Federation University Australia Historical Collection (Geoffrey Blainey Research Centre), Mount Helen
An image of Yarrowee Hall, the home of of mine manager Robert Malachy Serjeant.
Both portraits were purchased by the donor from the State Library of Victoria.
ROBERT MALACHY SERJEANT (1828-1902)
Robert Malachy Serjeant was born on 21 December 1828 at Callington, Cornwall. He was the son of Philip Davey Serjeant, a surgeon in the Royal Marines, and Eliza Malachy. Philip Serjeant died in 1834. His mother, Eliza, remarried John Burgh in 1836. He died in 1837.
In September 1848 Eliza, Robert and his two sisters, Caroline and Susan, departed Plymouth on the William Moneya for Port Adelaide and arrived in January 1849.
Once gold was discovered in Victoria, Serjeant made his way to Forest Creek (near Castlemaine) and he and his mate Mr Victor, were the first party to sink through the basalt in search of a deep lead. In 1854 he moved to Ballarat to work as a miner and enjoyed some success. In 1855 he was with a group that discovered a 500 ounce nugget. With his share of the sale he set himself up with the latest mining equipment, as well as beginning a lifelong interest in the share market. He became the Manager of the Chryseis, Isis and Garibaldi claims and then the Manager of the Band and Albion Consol Company. He held the position for thirty years and only resigned when the company amalgamated with the Sir Henry Loch Mine.
Robert Malachy Serjeant became interested in Politics. The first election for Parliament Representatives for Ballarat was in 1855. Robert stood for election for the first time in 1859, representing Ballarat West. He was also elected to represent Ballarat West in 1874 and 1880.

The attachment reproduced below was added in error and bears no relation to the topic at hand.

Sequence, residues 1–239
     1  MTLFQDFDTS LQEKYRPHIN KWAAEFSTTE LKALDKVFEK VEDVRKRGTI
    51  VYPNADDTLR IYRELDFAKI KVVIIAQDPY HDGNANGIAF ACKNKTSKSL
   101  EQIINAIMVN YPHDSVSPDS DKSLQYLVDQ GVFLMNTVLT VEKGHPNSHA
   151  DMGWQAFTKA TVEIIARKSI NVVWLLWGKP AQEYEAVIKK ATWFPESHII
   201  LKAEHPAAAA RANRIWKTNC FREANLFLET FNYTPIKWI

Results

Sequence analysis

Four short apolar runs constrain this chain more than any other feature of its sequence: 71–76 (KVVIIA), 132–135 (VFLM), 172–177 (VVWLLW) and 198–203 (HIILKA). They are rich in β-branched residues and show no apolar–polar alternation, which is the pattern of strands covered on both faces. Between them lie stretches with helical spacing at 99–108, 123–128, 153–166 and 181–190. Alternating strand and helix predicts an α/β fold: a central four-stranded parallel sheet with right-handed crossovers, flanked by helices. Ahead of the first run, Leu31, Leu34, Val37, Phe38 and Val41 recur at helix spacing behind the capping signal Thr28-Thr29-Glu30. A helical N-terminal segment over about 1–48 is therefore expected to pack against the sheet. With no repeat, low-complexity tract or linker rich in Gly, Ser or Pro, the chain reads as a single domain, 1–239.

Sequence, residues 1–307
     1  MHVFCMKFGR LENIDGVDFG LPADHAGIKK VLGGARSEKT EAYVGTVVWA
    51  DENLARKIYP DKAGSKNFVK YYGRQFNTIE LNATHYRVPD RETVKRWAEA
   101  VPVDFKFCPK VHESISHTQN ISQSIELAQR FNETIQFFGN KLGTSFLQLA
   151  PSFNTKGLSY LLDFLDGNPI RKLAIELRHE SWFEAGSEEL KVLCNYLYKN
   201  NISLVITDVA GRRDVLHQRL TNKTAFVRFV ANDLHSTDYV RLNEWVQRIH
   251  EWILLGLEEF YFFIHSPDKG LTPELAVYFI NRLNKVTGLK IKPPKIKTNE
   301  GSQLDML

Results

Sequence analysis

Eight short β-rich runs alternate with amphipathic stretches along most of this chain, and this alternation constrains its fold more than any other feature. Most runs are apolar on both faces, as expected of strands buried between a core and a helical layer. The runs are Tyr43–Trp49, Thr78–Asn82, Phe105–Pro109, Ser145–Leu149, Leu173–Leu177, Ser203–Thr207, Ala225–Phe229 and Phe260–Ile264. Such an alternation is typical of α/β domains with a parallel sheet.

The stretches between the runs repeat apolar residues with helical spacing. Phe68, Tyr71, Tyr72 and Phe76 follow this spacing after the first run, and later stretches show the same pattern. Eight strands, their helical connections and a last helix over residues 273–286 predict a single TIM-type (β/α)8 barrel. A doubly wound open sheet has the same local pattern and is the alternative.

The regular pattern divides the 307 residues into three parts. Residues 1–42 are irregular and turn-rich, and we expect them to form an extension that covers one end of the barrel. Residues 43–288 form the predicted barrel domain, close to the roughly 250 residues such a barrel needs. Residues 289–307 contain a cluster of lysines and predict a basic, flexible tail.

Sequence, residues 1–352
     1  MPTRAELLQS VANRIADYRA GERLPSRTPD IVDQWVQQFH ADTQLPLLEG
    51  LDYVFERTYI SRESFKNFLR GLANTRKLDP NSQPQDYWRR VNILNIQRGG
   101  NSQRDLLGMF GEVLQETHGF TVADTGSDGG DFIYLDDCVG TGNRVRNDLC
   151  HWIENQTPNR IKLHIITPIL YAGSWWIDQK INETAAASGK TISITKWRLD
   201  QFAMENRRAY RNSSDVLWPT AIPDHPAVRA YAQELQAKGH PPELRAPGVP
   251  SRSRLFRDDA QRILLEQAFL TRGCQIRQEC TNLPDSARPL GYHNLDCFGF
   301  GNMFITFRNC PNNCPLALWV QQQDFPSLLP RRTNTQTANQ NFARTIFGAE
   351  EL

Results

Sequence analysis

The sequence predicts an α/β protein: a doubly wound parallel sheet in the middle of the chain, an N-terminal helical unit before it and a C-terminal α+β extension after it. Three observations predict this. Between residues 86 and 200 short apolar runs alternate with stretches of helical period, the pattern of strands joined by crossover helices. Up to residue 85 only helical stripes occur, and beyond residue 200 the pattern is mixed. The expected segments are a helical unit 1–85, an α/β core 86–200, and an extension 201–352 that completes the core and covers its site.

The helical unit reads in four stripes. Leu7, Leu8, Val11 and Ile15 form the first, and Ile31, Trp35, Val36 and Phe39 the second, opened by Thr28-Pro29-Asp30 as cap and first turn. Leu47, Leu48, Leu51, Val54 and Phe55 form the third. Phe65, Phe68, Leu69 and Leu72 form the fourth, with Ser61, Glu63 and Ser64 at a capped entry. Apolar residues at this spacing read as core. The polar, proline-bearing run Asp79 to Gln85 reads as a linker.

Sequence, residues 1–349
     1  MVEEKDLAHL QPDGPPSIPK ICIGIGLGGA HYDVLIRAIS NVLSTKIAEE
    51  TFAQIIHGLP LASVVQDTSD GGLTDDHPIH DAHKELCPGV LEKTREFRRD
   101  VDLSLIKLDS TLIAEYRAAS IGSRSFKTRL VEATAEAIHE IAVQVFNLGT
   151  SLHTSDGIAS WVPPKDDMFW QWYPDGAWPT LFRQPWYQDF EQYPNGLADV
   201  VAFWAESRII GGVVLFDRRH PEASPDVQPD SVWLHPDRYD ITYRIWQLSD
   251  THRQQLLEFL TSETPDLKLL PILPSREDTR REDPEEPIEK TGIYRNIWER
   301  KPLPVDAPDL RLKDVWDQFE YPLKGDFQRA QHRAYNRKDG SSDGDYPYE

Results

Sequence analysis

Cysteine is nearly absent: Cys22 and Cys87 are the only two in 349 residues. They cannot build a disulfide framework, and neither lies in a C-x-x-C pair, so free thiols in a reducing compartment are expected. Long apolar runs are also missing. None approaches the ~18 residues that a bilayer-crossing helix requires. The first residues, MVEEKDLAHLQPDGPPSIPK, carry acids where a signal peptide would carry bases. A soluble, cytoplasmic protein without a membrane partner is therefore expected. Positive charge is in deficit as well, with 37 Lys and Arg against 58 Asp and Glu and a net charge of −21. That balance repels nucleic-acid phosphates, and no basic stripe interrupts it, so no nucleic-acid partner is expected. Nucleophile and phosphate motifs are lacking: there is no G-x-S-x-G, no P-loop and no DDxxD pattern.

Robert Serjeant’s community involvement extended to Education. Years of discussion eventually saw the development of the Ballarat School of Mines, the first school of mines in Australia. The inaugural School Council was formed in 1870 with Sir Redmond Barry, the Chief Justice, as President and Robert Malachy Serjeant as a member of the council. He held a position on the council until illness forced him to retire in 1889. He was elected a Life Governor in 1889. He was also a Life Governor of the Ballarat Hospital.
Robert Serjeant showed Prince Albert and Prince George (later King George V) around the Band and Albion Mine.
At the age of 42, Robert enrolled as a student at the School of Mines in 1871. He obtained a Certificate of Competency in Assaying (including Metallurgy) in 1875. The first certificate in “Geology as Applied to Mining” was awarded to Robert Serjeant in 1876.
Robert Serjeant was an active and generous supporter of the School of Mines. As well as being a financial contributor, he lectured and examined in the Principles and Practice of Mining. He was regarded as an authority on alluvial and quartz mining and was a member of the Ballarat Local Court and mining board. In 1977 Robert, Joseph Flude and Henry Caselli donated the patent rights of a novel Pyrites furnace to the school.
The R.M. Serjeant Scholarship at the Ballarat School of Mines resulted after a reward was offered for the first to produce the best method of treating auriferous ores – other than the smelting method. The offer was open for two years but not awarded. The money for this was donated by Robert Serjeant to the amount of 256 Pounds. It was then used to fund the School of Mines Scholarship in Engineering (1889). It was first awarded in 1922.
Robert Malachy Serjeant died on 25 October 1902 and was buried at the Ballaarat Old Cemetery.
(Sometimes Malachy is incorrectly written as Malachi)